Thursday, December 15, 2016

Man, I needed that!

Last week, I got an email from the Warm Showers network from a traveling cyclist asking to stay a night with us. I will confess, I did not even wait to ask Roger about it before responding "yes" to this traveler! I was so eager to have a chance to spend a little time with someone else who has done what we did that I was delighted to send a note welcoming Daniel to our home.

I made sure the sheets were clean and the guest bathroom in decent shape, and thought about what to cook for our vegetarian guest. I had an event for the Redlands Conservancy on the Sunday coming up, so I was doing a lot of baking and had prepared a big pot of pumpkin soup. But I figured a cyclist might be hungrier than "soup" for supper (based on our own experience) so I decided to offer fettucine alfredo, some roasted vegetables (something we were always hungry for) and salad.

I was in touch with Daniel several times during the day, and rode out to meet him on his way to town. Just riding alongside someone with packs on a bike felt great. I was able to see my own town and the route back home with new eyes, comparing the roads and the scenery to those I'd experienced on my way to other Warm Showers hosts during our tour.
Wishing I were going, too!

We met Roger at Escape Craft Brewery for a beer before heading home, and I enjoyed hearing about Daniel's trip. He's a good bit younger than we are, so he's riding without any end-stop on his trip. He sold his condo, quit his job and doesn't need to worry about a schedule in the least. He's just completed six months on the road, as we had, and was expecting to reach 7000 miles when he rode off on Sunday. It was great fun to be able to talk about places we'd been and ask him about his favorite days.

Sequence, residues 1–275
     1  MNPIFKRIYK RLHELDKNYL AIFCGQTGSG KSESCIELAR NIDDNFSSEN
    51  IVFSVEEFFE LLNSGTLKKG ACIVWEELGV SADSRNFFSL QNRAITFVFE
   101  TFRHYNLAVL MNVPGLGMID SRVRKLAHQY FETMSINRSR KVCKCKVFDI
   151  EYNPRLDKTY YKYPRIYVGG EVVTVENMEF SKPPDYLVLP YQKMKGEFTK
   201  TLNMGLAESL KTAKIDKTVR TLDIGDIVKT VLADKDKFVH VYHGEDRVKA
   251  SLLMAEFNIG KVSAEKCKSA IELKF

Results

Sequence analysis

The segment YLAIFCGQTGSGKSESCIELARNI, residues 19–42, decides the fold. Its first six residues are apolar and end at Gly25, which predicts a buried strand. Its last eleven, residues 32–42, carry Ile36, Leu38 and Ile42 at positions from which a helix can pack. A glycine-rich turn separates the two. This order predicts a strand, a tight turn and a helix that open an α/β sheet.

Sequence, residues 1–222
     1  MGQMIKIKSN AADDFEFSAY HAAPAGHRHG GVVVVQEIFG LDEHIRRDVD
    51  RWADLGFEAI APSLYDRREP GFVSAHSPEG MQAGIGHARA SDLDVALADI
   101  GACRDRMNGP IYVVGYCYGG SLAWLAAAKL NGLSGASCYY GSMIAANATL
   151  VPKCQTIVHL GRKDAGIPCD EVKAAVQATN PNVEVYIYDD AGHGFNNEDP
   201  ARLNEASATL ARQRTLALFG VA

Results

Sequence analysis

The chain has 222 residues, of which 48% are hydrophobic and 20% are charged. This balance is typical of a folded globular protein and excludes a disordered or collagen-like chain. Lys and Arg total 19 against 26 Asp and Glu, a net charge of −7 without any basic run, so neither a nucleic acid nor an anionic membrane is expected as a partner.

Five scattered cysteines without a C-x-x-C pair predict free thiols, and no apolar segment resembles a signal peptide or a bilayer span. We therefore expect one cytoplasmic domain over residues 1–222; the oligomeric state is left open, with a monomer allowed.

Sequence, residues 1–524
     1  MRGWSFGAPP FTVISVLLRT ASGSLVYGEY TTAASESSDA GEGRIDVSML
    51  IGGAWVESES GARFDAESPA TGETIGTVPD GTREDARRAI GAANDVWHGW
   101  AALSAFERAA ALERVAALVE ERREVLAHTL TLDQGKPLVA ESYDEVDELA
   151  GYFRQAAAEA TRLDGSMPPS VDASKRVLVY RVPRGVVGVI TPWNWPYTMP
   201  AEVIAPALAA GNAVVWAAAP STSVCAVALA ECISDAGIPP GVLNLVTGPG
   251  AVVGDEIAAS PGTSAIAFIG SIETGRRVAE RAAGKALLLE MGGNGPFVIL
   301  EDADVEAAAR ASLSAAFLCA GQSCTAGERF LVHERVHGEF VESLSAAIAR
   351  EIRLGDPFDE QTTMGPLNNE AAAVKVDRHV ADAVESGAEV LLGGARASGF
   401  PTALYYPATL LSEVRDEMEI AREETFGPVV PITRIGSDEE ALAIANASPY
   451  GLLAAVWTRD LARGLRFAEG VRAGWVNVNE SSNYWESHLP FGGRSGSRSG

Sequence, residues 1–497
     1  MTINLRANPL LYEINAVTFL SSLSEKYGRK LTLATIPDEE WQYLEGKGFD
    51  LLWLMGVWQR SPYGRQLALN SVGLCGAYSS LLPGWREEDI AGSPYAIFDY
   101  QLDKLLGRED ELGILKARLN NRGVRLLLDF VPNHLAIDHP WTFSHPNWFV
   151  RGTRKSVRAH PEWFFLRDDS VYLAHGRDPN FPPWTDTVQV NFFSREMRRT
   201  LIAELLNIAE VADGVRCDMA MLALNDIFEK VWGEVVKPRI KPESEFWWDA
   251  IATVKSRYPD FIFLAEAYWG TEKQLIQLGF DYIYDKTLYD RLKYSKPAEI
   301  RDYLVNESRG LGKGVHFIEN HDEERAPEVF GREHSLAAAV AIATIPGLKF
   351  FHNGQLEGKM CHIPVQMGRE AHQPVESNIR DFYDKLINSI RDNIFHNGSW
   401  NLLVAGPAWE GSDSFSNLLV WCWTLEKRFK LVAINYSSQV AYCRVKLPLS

Sunday morning, he rode off towards Palm Springs and a planned rendezvous with friends in Joshua Tree National Park. He'll spend the holidays there, and then he's thinking he'll go south to Baja California until the weather warms up back home - in Massachusetts.

Vaya com Dios, my friend - may the wind be ever at your back!

Thursday, December 8, 2016

In Thanksgiving

Since we have been home, Roger and I have been trying to get back into the groove of daily life. Of course, we were "living" every day while we were touring, but that experience was so far removed from the stuff of normal day-to-day activities and operations that it remained an adventure, rather than just - life. You know - what you do every day when you don't have something special to do.

So here we are, doing what we did before we left, with the added bonus of recuperating from the accident. I am astounded that the scabs on my knee and ankle are still not healed. While the scrapes on my face were fairly superficial, and I scabbed up and then lost those by the end of a week's time, my leg and ankle sores must be quite a bit more severe. It has been nearly six weeks since the accident, and they are still tender. The skin has appeared to heal several times, then it gets sort of oozy like a blister, and then it scabs up again.  I guess that there must be some underlying trauma to the tissue below the skin that is trying to get itself sorted out. Maybe I bruised the bones, also, because sometimes they just hurt, and there's nothing there that I can see that would cause that.